View Full Version : Ben's Helicopter Drop is Here...and it's Good for Gold

mick silver
25th November 2008, 16:43
St Louis Adjusted Monetary Base 1984-2008

This is what the start of hyperinflation would look like.

This is the US money base - the total of all currency and reserves of commercial banks in the central bank itself. It's the narrowest form of monetary aggregate (but getting fatter fast). Banks create loans from base money, so in theory this recent expansion should turn up in broader monetary aggregates in the future.

Ben Bernanke earned the nickname 'Helicopter Ben' in 2002 when he repeated Milton Freidman's comment that money could be "dropped from helicopters" if needed, to avert a deflationary depression. As a student of the great depression Bernanke has also been outspoken about his desire to avoid repeating the mistakes of that era, meaning he'd strongly prefer inflation to deflation.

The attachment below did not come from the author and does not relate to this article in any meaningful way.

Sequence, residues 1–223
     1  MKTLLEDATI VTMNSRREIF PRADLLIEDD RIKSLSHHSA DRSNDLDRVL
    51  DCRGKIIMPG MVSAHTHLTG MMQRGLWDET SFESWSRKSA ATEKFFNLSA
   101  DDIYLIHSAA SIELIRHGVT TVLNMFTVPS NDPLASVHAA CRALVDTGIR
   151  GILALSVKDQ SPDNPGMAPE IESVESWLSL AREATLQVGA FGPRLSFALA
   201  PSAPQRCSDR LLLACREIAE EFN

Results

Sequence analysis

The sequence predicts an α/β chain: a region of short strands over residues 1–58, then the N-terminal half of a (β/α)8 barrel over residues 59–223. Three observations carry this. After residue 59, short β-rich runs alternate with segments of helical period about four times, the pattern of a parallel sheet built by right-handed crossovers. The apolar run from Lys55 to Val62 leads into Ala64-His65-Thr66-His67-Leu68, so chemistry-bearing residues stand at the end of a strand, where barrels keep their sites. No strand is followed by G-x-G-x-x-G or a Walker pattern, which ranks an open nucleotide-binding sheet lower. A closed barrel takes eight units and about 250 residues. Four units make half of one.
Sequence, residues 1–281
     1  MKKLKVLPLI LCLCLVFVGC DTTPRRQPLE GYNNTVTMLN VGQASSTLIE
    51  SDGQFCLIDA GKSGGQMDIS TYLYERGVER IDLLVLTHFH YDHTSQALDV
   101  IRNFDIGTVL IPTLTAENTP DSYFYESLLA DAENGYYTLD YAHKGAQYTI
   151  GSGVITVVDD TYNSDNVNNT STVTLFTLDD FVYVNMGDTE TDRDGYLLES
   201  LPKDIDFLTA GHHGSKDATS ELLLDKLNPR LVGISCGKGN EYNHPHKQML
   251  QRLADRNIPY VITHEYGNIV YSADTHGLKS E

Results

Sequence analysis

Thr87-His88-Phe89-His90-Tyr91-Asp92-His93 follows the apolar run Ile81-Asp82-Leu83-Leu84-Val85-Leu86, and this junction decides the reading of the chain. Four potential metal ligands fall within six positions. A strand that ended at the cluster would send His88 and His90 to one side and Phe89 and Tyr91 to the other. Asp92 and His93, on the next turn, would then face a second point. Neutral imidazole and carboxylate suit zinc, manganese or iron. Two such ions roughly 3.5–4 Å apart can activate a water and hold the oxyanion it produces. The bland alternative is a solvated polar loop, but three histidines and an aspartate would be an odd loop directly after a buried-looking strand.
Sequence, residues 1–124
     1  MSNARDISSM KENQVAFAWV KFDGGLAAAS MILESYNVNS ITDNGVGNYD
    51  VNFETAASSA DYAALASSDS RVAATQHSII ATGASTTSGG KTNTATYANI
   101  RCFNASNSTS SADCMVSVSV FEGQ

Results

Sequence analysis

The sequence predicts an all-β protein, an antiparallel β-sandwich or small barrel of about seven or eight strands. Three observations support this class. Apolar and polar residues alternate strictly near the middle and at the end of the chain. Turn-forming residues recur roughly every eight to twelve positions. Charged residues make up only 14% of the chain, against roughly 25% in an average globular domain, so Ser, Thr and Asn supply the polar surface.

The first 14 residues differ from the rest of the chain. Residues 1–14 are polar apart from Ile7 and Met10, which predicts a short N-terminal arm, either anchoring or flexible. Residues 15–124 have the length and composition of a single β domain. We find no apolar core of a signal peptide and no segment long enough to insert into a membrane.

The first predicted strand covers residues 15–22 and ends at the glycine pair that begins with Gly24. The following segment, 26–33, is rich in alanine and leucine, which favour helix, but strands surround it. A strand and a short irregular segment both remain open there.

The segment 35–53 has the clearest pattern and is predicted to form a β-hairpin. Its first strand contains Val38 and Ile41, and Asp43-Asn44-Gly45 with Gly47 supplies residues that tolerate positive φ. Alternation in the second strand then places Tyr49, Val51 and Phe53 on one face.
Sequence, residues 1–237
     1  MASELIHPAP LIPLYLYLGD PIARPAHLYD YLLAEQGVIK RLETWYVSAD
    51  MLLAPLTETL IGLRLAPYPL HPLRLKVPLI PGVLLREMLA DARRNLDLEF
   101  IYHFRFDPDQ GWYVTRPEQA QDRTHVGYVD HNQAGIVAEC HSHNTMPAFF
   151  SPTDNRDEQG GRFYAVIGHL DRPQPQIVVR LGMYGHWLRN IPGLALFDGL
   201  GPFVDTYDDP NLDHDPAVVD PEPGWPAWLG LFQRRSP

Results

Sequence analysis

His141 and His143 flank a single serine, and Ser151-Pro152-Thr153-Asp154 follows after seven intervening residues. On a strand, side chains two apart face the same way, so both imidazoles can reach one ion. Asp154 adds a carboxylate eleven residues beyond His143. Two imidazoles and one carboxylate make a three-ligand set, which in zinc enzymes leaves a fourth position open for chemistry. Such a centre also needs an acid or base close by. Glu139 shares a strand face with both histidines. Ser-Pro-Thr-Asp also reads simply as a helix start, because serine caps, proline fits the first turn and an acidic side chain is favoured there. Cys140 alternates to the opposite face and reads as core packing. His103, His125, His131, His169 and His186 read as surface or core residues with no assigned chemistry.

Because the gold standard was dropped in 1971, money can be effectively created out of thin air. So it is no surprise to find that since September, newly created money has been raining from the sky. (Apparently this rain falls only on banks and a few large financials.)

The scale is unlike anything seen since the US Federal Reserve was formed in 1913. As the weeks progress on, all previous giant distortions shrink to goosebumps as the scale of the graph is redrawn.

In the two months after September 24th, over 550 billion new dollars were made from thin air and added to the US money base. That translates to 58% growth of the total US money base in just two months. (Annualized, that would be 350%. Watch out Zimbabwe.)

Most years, base money grows at around 1-2% per month and has only grown faster than 5% per month a few times. But the graph line 'went vertical' in September, (then got worse in November). The growth in money supply since then was larger than the total money base that existed in 1999, and it was twice as fast as the worst single month during the depths of the depression or the height of World War II.


mick silver
25th November 2008, 16:44
Take a look at the charts , dam